- Apr 27, 2010
- Suburban Washington DC
Weld up the hole and drill and tap another drain next to it. Or just suck the oil out of the dip stick with a vacuum pump.
If its thin aluminum? ugh....I recently bought a lightly used CB300R in great shape. Only 2,200 miles and I managed to pick it up for a pretty good price. There seems to be only one problem. The PO had the dealership perform the first oil change and they really torqued the drain bolt down to the point when the owner went to perform the second oil change the bolt broke and cracked the case. Again, I bought it this way and the seller simply wanted to offload it instead of dealing with the damage.
I understand replacing the side of the case is the right way to fix this but im open to some other ideas. Ive had experience with Helicoiling and retapping before but not on a bolt this big.
With the cracks, I was thinking that maybe steel stick a Fumoto valve would work as well.
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Trust me, I'd be ok with this if I knew for a fact that I was keeping this bike forever. The reality however is that this bike may change owners one day and buying an extraction pump may just be another extra step which would dissuade some buyers.Weld the plug right into the hole. Use an oil extractor to change. Cheap and done.
If you attempt a repair, I'd drill the drain plug for some safety wire so you can torque it just enough to seal without re-cracking the repair, and then safety wire it so it won't move.I'm going to start making some calls to local places who may specialize in these kinds of repairs. I was recommended to start with Porsche repair since they are usually aluminum and high dollar engines.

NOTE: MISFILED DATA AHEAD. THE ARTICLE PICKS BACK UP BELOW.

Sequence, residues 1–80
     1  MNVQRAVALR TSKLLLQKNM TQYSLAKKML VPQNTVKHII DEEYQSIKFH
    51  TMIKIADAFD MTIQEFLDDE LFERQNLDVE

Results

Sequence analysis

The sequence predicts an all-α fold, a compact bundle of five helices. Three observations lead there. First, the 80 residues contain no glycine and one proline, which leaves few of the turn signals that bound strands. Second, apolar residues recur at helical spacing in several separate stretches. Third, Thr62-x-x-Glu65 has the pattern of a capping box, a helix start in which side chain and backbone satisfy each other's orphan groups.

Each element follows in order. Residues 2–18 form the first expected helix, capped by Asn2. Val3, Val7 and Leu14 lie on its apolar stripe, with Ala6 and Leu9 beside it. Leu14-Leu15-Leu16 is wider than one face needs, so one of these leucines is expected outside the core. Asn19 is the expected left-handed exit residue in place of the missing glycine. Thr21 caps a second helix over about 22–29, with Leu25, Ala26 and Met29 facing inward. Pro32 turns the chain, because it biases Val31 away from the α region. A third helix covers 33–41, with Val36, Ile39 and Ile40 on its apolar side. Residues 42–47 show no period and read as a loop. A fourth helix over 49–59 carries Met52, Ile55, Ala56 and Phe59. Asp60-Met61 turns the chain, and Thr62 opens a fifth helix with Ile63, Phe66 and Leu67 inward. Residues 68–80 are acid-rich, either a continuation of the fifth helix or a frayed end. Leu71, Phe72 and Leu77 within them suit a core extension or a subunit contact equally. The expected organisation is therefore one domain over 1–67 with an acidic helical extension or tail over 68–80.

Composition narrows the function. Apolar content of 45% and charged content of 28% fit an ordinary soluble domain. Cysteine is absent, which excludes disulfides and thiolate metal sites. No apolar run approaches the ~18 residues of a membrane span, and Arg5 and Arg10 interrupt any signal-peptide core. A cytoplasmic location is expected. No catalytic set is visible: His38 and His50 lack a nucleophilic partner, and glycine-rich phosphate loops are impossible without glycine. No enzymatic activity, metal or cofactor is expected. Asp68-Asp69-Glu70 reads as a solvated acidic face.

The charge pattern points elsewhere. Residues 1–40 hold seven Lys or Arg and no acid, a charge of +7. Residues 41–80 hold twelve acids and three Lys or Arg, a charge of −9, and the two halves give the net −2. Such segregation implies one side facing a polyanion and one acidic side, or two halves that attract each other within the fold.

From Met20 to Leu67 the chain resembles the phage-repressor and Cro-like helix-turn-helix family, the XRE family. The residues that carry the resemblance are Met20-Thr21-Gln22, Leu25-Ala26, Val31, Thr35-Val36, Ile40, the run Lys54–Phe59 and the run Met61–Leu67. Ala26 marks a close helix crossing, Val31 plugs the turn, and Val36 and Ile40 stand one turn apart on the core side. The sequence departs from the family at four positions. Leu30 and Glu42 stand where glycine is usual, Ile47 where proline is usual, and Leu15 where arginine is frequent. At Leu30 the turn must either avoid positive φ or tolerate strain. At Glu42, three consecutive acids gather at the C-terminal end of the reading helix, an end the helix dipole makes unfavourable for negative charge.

I've busted enough cases on the trail to trust Steel Stik and JB weld to a certain point. But the rethreading and spreading of the crack is what concerns me.
Ive drilled and tapped JB weld before but it wasnt for a sump drain.
Thanks again for the helpful replies.
It does. And to split the cases you have to remove the cylinder so it's going to be a complete disassembly. Fortunately the engine can be laid on the right hand side and the cases can be separated without disturbing any of the transmission components. The timing components are on the right hand side but again, the cylinder must be removed to get the cases apart. Even if the cylinder studs could be removed separately there is still the issue of resealing the base of the cylinder.Does this engine really need to be removed from the bike and the cases split to install the new case? Lots of newer bikes have a separate drain pan case that can be removed with the engine in the bike.
Thats exactly it. The plug did sit well but I didnt want to risk dumping a ton of oil.if its a rubber expansion plug it needs a round hole (it 'grows in size' in a 'round way'). That hole is no longer round. Used one ona korean awd rear drive shaft hole so owner could keep using car, parts (junk yrd/dealer/aftr mrkt) - unobtainable, owner -0- $. Blocked up tranny so as to not loose lube, she's still drivin it. Signed a doc here to take full responsibility B4 leavin da shop.
Enjoy the nxt phase: #2. Let's hope 'that is it'/goes well~